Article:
Willy Bach on the Cabinet’s mixed messages over a defendant’s right to choose a lawyer
Within a few days of part 1 of the Legal Aid, Sentencing and Punishment of Offenders (LASPO) Act coming into force, the Coalition government came forward with new proposals to decimate legal aid. The timing was of course deliberate.
LASPO effectively destroyed social welfare law, taking it out of the scope of legal aid in the vast majority of cases. This cruel attack means that many poor and marginalised people can now no longer get the advice they need – they are in a real sense deprived of access to justice. And the loss of vital income to not-for-profit advice centres is already proving fatal. Birmingham Law Centre announced its closure earlier this week.
The new proposals continue the attack on civil legal aid, by fundamentally undermining the system of judicial review so that it will be much more difficult for an individual to take action against the unlawful acts of government (national or local) and other public bodies.
This time around however, the Ministry of Justice has come down absurdly heavily on criminal legal aid. Instead of looking seriously at the failings of the criminal justice system itself, the Coalition is proposing reducing the earnings of all criminal law practitioners by a crude and excessive 17.5%.
Dafter still is the proposal to forbid defendants in criminal trials from having a choice of lawyer. From now on, the State will decide.
It has long been a principle of the UK legislative system that a defendant is deemed to be innocent until found guilty on cogent evidence by a court of law. A related principle is that the State shall not impose a lawyer on a defendant. When the Lord Chancellor, Chris Grayling was asked why he was proposing this change, he said:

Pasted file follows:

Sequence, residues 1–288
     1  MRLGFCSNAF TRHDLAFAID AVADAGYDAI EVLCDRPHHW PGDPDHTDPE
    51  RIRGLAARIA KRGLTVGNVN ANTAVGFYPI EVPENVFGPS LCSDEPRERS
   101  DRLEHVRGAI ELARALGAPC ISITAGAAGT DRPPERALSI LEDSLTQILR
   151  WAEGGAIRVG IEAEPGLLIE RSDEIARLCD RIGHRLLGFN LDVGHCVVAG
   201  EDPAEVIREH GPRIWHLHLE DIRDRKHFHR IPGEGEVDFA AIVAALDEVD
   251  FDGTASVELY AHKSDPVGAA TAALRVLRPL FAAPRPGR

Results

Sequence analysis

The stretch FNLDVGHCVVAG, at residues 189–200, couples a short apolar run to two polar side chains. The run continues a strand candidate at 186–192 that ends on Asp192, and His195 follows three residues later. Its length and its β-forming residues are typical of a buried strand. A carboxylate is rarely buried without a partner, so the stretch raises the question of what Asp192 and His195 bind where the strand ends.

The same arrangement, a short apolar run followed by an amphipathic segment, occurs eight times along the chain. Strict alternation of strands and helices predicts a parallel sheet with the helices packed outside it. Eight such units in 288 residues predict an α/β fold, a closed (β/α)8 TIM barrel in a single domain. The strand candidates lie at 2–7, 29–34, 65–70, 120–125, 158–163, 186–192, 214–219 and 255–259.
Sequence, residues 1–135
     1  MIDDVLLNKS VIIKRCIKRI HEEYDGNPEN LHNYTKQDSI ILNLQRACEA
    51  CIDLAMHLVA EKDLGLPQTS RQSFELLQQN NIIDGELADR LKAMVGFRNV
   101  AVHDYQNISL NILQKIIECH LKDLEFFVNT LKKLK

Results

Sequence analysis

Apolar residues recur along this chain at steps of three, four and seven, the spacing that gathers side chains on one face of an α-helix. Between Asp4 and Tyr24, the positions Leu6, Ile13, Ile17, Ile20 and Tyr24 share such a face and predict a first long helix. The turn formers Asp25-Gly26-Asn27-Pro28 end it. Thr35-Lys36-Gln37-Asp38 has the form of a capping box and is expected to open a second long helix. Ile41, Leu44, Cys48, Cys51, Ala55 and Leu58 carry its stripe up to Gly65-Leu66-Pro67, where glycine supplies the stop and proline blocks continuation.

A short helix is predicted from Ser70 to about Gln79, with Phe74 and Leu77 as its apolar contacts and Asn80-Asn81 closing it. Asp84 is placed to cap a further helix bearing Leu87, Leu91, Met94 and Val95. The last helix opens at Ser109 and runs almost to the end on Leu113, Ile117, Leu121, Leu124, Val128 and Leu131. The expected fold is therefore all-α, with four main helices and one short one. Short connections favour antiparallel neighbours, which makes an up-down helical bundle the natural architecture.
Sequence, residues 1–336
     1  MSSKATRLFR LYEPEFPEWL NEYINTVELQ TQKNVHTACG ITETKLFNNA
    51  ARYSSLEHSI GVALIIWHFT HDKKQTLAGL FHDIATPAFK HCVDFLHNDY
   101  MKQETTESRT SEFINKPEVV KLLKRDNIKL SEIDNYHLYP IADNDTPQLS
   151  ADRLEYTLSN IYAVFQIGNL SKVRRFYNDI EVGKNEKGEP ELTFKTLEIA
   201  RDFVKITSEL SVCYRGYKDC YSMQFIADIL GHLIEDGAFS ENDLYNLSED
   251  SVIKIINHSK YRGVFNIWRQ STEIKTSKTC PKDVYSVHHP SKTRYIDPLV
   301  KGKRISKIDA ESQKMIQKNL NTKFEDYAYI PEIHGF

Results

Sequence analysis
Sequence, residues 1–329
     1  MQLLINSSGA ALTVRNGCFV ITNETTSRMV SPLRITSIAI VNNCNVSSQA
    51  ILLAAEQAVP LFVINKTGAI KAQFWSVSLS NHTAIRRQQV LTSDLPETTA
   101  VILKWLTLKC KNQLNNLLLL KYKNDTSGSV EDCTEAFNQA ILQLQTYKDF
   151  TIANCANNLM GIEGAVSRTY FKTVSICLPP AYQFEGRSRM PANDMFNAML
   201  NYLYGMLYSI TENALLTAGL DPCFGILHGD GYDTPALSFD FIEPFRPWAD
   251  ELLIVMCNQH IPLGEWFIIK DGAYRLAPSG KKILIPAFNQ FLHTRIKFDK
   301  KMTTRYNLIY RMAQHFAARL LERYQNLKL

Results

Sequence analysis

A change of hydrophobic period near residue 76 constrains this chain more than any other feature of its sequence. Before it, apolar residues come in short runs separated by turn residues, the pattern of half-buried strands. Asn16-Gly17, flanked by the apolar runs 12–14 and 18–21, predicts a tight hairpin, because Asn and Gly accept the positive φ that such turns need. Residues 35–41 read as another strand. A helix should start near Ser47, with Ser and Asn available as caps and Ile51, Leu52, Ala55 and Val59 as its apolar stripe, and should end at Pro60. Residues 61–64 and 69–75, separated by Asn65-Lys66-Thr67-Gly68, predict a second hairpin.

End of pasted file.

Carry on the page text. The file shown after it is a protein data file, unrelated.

“I don‘t believe that most people who find themselves in our criminal justice system are great connoisseurs of legal skills. We know the people in our prisons and who come into our courts often come from the most difficult and challenged backgrounds.”
What on earth did he mean?
It has been suggested that Grayling was implying ‘too thick to pick’. If that’s the case, and it sounds likely, it is a view not worthy of the great office that he holds.
Interestingly, Deputy Prime Minister Nick Clegg was quoted last weekend saying that this proposal was “perverse” and that another solution should be found. So perhaps the Coalition government is about to change its mind. All who value our system of justice must hope so, and perhaps the LibDem justice minister in the Lords, Tom McNally will be able to enlighten us when he responds to my question later today.
Lord Willy Bach is a backbench Labour Peer, and was until last year Shadow Justice Minister in the Lords
Published 26th June 2013